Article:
Join Date: May 2011
Location: Santa Rosa, California
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All repairs have been done under the direct supervision of Toshiba engineers by the local authorized Toshiba repair service. I have not participated directly in the many attempts to address the shutdown problem. From what I've been told, every component of the television has been replaced (twice for the main circuit board). At one point, to rule out other devices, including control devices and unrelated Bluetooth, WiFi & other wireless devices, the IR control on the set was disabled. This did not prevent the set from shutting down. Further, the set receives power from a double conversion UPS, which Toshiba suggested might be responsible (even though it was feeding a pure sign wave, constant 120v, 60Hrz, uninterrupted (it is a UPS, after all) signal that is much cleaner than standard line voltage, so the set was disconnected from the UPS and placed on standard household power. None of the above was successful in preventing further shutdowns. By my estimate, the set has spontaneously shutdown at least 80 times and might well have done so over 100 times over the last year. The only thing not replaced on the set is the LCD panel itself. I have an entirely new set with the exception of the panel, which Toshiba apparently is loath to replace. They may no longer have that part available for all I know. They gave up. The local repair service has given up.
All this has led to a convoluted set of negotiations with Toshiba customer service representatives at a high level far beyond those one encounters upon calling their customer service number. Their offers were unacceptable to me. They first tried to limit Toshiba's responsibility because the one-year warrantee period ran out, even though the problem pre-existed the expiration of the standard warrantee. After that, they tried to limit responsibility by a unilateral statement to the effect that the warrantee would be limited to 90 days after the date of transmission (by email). Then they invalidated that by allowing another repair attempt beyond the date their so-called 90-day extension would have expired. That led to a difficult period of negotiation to replace the set with a comparable set. What I was offered was not comparable and it was refurbished. They only offered a 90-day warrantee. Since the original set did not begin to exhibit the problems described earlier, I didn't find that acceptable. The high-level customer service representative literally hung up on me at that point. This didn't surprise be because an early set of negotiations in which the Toshiba representative offered me a refund of the purchase price I paid, but refused to send me anything in writing to confirm the agreement (to which I initially agreed), hung up on me also upon wishing me "a nice day."
Things got even crazier when I was contacted by Toshiba's Legal Liaison shortly after I filed suite in small claims court to recover the cost of the purchase price. He agreed that the entire affair had been handled poorly. When I expressed my total confusion at how a major company could have treated a customer so poorly, he commented that things had been in a "state of confusion" at Toshiba. That was already made evident to me by their behavior over what was by then a 15-month experience with various levels of their customer service.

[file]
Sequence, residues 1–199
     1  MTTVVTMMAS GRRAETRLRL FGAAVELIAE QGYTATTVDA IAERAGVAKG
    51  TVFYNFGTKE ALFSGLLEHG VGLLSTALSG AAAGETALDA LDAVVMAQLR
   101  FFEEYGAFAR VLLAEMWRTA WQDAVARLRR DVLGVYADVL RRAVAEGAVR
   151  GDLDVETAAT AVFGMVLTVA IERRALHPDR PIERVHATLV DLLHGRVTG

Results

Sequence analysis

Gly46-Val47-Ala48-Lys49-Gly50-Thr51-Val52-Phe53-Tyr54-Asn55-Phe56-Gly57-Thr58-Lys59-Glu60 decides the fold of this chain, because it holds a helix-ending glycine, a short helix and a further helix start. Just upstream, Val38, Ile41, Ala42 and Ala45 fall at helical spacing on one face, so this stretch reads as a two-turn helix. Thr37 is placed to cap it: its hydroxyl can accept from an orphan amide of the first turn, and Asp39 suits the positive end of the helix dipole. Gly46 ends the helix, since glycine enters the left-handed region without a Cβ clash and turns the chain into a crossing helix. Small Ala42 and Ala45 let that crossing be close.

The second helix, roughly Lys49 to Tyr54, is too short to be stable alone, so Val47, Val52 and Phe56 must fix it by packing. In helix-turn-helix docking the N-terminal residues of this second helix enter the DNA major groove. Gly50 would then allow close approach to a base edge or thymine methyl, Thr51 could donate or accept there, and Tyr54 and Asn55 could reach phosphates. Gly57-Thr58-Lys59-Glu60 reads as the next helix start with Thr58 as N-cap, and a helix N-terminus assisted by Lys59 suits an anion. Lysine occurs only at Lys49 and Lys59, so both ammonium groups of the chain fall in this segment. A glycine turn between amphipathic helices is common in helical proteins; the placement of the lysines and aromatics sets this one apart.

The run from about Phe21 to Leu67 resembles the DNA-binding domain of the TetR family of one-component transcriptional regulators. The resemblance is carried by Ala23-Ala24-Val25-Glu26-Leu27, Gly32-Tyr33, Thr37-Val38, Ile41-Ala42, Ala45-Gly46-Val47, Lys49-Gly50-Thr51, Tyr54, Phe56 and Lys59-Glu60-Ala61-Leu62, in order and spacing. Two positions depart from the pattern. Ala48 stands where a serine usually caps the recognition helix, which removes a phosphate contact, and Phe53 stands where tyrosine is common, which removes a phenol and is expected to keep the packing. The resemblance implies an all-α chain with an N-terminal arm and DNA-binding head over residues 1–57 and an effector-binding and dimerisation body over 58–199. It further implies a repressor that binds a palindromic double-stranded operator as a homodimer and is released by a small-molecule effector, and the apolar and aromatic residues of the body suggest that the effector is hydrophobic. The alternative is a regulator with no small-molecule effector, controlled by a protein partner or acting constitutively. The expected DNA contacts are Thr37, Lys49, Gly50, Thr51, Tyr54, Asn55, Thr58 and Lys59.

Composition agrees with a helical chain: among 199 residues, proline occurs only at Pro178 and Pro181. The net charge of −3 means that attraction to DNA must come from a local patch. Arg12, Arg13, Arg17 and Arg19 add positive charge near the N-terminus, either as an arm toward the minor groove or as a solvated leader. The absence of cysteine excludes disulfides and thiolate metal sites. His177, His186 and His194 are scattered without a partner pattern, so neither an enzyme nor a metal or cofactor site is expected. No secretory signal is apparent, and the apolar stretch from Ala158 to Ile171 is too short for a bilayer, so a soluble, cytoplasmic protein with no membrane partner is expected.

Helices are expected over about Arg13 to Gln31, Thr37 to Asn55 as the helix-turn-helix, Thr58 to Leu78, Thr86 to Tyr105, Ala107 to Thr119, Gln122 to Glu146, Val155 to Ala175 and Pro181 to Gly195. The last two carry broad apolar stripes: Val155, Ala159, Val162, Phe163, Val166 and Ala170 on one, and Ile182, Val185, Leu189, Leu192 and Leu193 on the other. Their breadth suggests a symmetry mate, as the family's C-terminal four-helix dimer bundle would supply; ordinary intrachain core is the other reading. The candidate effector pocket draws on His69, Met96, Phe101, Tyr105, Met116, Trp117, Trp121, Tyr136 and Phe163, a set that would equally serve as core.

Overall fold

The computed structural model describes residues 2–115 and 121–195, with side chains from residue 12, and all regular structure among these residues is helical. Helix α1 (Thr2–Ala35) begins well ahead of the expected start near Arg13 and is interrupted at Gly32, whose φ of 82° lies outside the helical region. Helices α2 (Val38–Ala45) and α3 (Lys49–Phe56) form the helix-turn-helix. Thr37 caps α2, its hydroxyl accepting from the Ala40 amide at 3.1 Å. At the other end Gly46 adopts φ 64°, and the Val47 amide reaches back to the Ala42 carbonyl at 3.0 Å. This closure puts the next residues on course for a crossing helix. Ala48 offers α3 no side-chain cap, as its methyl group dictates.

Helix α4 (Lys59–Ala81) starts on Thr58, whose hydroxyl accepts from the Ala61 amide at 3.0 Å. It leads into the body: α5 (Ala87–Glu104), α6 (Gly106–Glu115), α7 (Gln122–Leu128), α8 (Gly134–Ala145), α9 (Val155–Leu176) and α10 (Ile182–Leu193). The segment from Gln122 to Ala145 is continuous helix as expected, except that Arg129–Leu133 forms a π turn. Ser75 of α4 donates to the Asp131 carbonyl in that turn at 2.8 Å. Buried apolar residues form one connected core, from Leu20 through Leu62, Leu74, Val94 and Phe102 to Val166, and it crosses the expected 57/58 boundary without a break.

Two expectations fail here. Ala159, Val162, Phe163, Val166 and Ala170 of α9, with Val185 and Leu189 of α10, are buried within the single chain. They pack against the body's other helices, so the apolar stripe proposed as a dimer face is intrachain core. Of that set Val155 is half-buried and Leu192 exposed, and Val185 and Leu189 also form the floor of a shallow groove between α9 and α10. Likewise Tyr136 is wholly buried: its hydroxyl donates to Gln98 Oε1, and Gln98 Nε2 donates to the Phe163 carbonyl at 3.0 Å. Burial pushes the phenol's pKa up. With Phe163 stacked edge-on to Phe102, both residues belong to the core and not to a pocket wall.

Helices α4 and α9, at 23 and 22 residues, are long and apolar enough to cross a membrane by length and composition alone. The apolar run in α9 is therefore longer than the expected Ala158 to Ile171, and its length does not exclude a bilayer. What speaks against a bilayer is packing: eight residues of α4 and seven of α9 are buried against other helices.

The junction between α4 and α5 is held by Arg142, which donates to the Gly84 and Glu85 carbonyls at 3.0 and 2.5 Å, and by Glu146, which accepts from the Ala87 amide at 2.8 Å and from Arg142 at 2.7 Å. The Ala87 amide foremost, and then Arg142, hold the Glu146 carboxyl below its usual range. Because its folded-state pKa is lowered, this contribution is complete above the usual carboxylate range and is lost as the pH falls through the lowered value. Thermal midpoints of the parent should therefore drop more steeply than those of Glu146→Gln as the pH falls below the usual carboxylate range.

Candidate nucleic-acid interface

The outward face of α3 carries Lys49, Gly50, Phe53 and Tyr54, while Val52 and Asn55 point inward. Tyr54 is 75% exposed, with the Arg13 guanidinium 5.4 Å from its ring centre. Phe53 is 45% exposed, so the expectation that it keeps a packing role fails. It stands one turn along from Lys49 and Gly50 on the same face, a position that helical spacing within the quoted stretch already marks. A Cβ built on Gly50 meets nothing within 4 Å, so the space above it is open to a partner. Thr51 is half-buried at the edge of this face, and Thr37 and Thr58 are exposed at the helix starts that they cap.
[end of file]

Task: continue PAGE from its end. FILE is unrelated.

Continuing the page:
Moving forward, the legal liaison and I agreed that Toshiba would refund the full purchase price plus my costs to file the court action. He indicated that he would be sending me a form to confirm the agreement, which I was to sign and return. Within 20 minutes of sending the form by email attachment, he sent another email message rescinding the agreement.
To date, I have a default judgment against Toshiba America Information Systems, Inc. for the full purchase price and court costs. In other words, they didn't even bother to send someone to represent Toshiba in court. This all makes no sense from my perspective. If they intend to pay, it seems it would have been in Toshiba's interests to simply follow through on the agreement. Now that I have the judgment, Toshiba may pay without further issues, though their performance makes that possibility seem rather remote. If they don't pay within 30 days, I'll have to enforce the judgment, which leads me to the following:
If anyone knows of Toshiba assets in the San Francisco Bay Area or nearby, such as bank accounts, real estate or other tangible/physical assets (not leased property, such as office space not directly owned by Toshiba), I'd greatly appreciate knowing about it. I will be initiating a process through the office of the sheriff in the county the Toshiba assets are located to attach them until payment is made in full.
Now, if anyone can make sense out of Toshiba's behavior, I'd be interested in knowing what is rational about it. This hardly sounds like the way a major electronics corporation would handle customer relations, but I may be naive. Please enlighten me. One thing that has come out of this is that I'll never purchase another Toshiba product as long as I live and I wouldn't suggest anyone else risk a similar nightmare to the one Ive been living through. I've owned other Toshiba products in the past, including a laptop that traveled internationally with me, but no more. I am the principle of a company that purchases computer and other electronics routinely. I can assure Toshiba that they will not see any money flowing into their coffers from my company either.
So, let me know if you can help.